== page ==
Overview, Causes, & Risk Factors
Addison disease occurs when the adrenal glands areno longer able to produce certain hormones needed for life, such ascortisol and aldosterone.
What is going on in the body?
There are two adrenal glands in the body, one on topof each kidney. They produce two hormones: cortisol and aldosterone.
Cortisol is a type of hormone called aglucocorticoid. It affects almost every organ and tissue in the body.Experts believe cortisol may have hundreds of effects, but its main job is to helpthe body respond to stress. Other vital tasks include the following.
Cortisol is vital to health, so the body maintains a precise balance.As with many other hormones, the hypothalamus and pituitary gland are keyto this control.
Aldosterone is a type of hormone called a mineralcorticoid.It helps with the following functions:
What are the causes and risks of the disease?
Addison disease is a rare disorder that affects only about 1 inevery 100,000 people. It occurs in all age groups, and affects both men andwomen equally. Addison disease may be caused by either a disorder of theadrenal glands themselves, which is called primary adrenal insufficiency. Or,it may be caused by inadequate secretion of ACTH by the pituitary gland.In primary adrenal insufficiency, an autoimmune disorderthat makes the person’s own immune system attack and destroy the outer layerof the adrenal glands, called the cortex, is often at fault. When at least 90 percentof the cortex has been destroyed, adrenal insufficiency occurs. Experts believe causes forthis type may include:
Secondary adrenal insufficiency is due to a lack of ACTH, which causes the adrenalglands to produce less cortisol. It does not affect production of aldosterone. Causesof this type of insufficiency include:
Symptoms & Signs
What are the signs and symptoms of the disease?
In most cases, the symptoms come on gradually.Addison disease commonly causes these symptoms:
If symptoms progress too long without treatment, the person maygo into an addisonian crisis. Symptoms of this crisis include:
Without treatment, addisonian crisis can be fatal.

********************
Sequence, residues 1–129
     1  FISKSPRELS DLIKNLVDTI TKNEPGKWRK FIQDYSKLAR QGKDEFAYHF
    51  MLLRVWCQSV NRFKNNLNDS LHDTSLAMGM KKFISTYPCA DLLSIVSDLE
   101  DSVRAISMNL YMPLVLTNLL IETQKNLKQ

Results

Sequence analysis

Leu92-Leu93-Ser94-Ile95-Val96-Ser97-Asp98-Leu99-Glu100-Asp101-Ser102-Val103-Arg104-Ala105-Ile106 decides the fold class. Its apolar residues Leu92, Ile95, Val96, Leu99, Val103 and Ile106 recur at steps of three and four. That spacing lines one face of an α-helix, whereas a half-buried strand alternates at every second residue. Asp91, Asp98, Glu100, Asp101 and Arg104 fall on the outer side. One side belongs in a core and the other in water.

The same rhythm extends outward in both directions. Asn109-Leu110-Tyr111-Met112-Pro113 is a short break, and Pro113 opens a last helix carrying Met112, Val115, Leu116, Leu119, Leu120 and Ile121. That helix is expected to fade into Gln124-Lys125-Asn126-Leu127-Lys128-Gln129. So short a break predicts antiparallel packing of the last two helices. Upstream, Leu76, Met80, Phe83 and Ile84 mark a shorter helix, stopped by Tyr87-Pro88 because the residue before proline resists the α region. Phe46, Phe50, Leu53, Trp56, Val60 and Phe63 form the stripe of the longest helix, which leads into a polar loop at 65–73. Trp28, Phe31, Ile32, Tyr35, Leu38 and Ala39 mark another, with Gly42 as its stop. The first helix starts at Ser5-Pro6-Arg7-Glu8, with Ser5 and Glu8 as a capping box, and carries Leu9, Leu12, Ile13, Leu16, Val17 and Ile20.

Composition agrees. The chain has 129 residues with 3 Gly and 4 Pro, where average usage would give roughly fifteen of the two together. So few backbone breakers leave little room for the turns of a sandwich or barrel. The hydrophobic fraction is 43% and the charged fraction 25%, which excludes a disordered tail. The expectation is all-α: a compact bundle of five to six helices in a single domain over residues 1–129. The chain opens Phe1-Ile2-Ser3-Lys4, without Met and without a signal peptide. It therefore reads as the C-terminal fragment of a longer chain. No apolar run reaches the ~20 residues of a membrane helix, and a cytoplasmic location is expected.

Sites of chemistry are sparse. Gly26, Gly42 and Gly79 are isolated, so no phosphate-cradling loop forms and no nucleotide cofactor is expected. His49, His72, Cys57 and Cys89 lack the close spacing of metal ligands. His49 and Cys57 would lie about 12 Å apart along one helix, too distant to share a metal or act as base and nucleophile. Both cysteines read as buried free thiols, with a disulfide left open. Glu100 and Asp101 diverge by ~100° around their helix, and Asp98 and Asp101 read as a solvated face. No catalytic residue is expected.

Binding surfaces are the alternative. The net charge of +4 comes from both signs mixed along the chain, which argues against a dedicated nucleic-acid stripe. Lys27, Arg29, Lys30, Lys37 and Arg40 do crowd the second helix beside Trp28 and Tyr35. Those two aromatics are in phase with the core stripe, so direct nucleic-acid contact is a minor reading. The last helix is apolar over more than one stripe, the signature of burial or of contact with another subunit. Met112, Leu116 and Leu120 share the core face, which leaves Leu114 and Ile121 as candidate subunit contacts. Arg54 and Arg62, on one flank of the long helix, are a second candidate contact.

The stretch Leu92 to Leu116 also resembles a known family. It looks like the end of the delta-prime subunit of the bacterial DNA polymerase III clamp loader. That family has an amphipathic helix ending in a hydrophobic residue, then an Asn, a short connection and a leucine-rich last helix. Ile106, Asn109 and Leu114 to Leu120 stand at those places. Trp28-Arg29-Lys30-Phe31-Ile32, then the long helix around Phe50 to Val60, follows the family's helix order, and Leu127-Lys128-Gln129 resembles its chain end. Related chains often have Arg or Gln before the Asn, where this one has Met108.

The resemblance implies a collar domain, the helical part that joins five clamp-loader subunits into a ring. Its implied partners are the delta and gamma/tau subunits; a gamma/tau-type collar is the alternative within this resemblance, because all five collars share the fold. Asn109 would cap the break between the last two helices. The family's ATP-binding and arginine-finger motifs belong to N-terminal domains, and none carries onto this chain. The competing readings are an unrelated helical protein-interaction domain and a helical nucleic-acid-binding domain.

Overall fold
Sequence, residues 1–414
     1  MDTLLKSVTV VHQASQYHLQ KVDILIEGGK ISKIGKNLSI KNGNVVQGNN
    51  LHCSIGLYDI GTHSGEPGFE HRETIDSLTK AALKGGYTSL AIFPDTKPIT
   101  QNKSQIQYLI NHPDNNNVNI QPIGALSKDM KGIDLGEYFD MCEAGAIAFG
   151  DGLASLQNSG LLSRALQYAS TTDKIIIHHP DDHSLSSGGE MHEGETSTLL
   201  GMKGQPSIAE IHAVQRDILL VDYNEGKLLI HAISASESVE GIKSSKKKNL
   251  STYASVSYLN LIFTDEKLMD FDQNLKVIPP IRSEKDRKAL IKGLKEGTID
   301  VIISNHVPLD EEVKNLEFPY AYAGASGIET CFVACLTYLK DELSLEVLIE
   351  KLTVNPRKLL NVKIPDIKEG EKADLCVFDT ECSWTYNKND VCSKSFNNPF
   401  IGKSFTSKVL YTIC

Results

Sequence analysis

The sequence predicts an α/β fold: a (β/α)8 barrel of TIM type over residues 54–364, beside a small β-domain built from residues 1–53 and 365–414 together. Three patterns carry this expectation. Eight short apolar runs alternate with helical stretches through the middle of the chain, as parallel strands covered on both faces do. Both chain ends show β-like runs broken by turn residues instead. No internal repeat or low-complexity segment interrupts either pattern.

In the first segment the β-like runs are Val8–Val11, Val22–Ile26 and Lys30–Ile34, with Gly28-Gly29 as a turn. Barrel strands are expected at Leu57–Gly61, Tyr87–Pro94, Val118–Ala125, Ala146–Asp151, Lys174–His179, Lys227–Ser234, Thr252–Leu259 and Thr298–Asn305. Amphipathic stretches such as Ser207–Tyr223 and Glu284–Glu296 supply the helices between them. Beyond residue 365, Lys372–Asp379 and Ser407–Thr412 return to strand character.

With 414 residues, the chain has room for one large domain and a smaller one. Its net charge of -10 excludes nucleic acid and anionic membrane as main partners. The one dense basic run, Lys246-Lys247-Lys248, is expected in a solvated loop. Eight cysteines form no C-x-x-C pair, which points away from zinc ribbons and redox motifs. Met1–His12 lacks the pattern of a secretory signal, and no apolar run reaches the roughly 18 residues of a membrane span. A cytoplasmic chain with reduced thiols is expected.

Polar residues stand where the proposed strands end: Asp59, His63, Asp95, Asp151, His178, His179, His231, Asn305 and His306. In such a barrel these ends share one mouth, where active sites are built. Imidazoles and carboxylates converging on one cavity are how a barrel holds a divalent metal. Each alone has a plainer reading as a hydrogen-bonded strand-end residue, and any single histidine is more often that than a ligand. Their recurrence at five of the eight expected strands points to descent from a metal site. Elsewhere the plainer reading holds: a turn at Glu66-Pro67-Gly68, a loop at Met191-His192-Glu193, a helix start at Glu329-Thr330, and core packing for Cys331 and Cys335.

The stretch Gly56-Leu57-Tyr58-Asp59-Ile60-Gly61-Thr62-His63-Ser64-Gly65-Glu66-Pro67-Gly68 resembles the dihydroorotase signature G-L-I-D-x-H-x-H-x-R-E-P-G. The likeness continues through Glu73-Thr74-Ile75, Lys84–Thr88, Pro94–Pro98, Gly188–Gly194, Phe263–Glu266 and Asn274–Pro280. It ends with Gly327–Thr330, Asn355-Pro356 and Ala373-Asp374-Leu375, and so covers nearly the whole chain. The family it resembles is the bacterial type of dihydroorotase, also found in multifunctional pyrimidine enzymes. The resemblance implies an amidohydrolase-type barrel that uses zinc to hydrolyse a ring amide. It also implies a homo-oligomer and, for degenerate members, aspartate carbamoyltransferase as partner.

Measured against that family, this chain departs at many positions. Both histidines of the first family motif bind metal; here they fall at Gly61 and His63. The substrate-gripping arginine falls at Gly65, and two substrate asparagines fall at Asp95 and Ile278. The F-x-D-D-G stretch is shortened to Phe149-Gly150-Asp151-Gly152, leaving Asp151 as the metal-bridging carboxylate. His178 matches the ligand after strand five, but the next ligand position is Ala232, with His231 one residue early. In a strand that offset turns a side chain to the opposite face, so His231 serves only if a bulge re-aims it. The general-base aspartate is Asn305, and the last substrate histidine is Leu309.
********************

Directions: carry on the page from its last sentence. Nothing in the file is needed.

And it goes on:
Diagnosis & Tests
How is the disease diagnosed?
In its early stages, Addison disease can be hard to diagnose.Diagnosis of Addison disease begins with a medical historyand physical exam. Dark tanning of the skin is will often lead the doctorto suspect Addison disease. Blood tests, such as theACTH stimulation test,can confirm the low cortisol level and its effects on the body. X-ray examsof the adrenal and pituitary glands may be helpful in identifying the causeof the disease.
Prevention & Expectations
What can be done to prevent the disease?
Usually, nothing can be done to prevent Addison disease.People with certain infections such as tuberculosiscan sometimes avoid this condition if the infection is treated early.
What are the long-term effects of the disease?
Shockand death can result if the condition is not treated. With treatment, thereare generally no long-term effects. In life-threatening situations and illnesses,a person may need increased doses of hormones given as pills orshots to help the body adapt.
What are the risks to others?
Addison disease poses no risks to others.
Treatment & Monitoring
What are the treatments for the disease?
Treatment of Addison disease involves replacing the missingadrenal hormones. Initial therapy may include IV fluids, othermedicines to support blood pressure or treat infections, and IVhormones. Once a person is stable, hormone pills alone can be used.Patients who need to replace aldosterone may also be advised by their doctorsto increase their salt intake.
What are the side effects of the treatments?
Medicines to support blood pressure or treat infectionsmay cause allergic reactionsand stomach upset. If hormones are given in too low or too high an amount,uncomfortable symptoms can result. For example, if adrenal hormone levels aretoo high, people can have mood swings and body swelling.
What happens after treatment for the disease?
In most cases, lifelong hormone replacement is required becauseadrenal function does not usually return to healthy levels once it is lost. Peoplewith Addison disease should wear or carry identification, such as a MedicAlert bracelet, describing their condition and emergency treatment needed.When people with this disease travel, they should bring along an injectable formof cortisol that can be used in case of emergency. A plan for increasing cortisolmedicine dosing during periods of high stress or with mild respiratoryinfections should also be discussed with the doctor.
How is the disease monitored?
Blood tests can be used to check for salt balance andhormone levels. Immediate medical attention will be needed if the persondevelops a severe infection or severe vomiting and diarrhea. These conditionscan bring on addisonian crisis. Any new or worsening symptoms should bereported to the doctor as well.
Article type: xmedgeneral